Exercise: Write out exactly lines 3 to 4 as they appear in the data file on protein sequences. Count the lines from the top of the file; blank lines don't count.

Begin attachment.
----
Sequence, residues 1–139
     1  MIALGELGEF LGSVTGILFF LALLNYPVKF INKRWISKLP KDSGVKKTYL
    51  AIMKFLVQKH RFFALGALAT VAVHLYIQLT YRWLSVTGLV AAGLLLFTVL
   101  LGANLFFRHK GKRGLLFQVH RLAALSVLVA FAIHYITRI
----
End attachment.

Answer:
    51  AIMKFLVQKH RFFALGALAT VAVHLYIQLT YRWLSVTGLV AAGLLLFTVL
   101  LGANLFFRHK GKRGLLFQVH RLAALSVLVA FAIHYITRI